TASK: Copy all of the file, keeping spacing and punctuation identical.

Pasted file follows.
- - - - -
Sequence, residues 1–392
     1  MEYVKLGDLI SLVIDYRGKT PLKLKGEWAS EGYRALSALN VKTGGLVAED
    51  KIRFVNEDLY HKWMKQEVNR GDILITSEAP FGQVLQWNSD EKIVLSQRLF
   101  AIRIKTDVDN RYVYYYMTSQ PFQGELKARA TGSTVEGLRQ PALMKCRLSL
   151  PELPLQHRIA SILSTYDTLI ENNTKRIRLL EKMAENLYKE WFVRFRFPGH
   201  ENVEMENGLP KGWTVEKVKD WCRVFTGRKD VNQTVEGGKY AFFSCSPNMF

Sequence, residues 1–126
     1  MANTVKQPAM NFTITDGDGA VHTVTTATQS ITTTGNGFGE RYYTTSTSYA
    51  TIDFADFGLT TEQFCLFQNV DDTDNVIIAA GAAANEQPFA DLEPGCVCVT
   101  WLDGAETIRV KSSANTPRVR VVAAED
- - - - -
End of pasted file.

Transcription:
Sequence, residues 1–392
     1  MEYVKLGDLI SLVIDYRGKT PLKLKGEWAS EGYRALSALN VKTGGLVAED
    51  KIRFVNEDLY HKWMKQEVNR GDILITSEAP FGQVLQWNSD EKIVLSQRLF
   101  AIRIKTDVDN RYVYYYMTSQ PFQGELKARA TGSTVEGLRQ PALMKCRLSL
   151  PELPLQHRIA SILSTYDTLI ENNTKRIRLL EKMAENLYKE WFVRFRFPGH
   201  ENVEMENGLP KGWTVEKVKD WCRVFTGRKD VNQTVEGGKY AFFSCSPNMF

Sequence, residues 1–126
     1  MANTVKQPAM NFTITDGDGA VHTVTTATQS ITTTGNGFGE RYYTTSTSYA
    51  TIDFADFGLT TEQFCLFQNV DDTDNVIIAA GAAANEQPFA DLEPGCVCVT
   101  WLDGAETIRV KSSANTPRVR VVAAED